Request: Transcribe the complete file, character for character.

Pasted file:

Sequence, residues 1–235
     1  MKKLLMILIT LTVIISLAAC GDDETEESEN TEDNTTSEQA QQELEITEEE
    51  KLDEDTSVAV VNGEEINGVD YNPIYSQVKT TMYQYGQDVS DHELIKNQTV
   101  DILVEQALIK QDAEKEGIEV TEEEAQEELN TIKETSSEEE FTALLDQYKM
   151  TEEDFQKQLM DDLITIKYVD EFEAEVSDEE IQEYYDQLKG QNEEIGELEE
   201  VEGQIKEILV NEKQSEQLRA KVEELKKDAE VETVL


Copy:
Sequence, residues 1–235
     1  MKKLLMILIT LTVIISLAAC GDDETEESEN TEDNTTSEQA QQELEITEEE
    51  KLDEDTSVAV VNGEEINGVD YNPIYSQVKT TMYQYGQDVS DHELIKNQTV
   101  DILVEQALIK QDAEKEGIEV TEEEAQEELN TIKETSSEEE FTALLDQYKM
   151  TEEDFQKQLM DDLITIKYVD EFEAEVSDEE IQEYYDQLKG QNEEIGELEE
   201  VEGQIKEILV NEKQSEQLRA KVEELKKDAE VETVL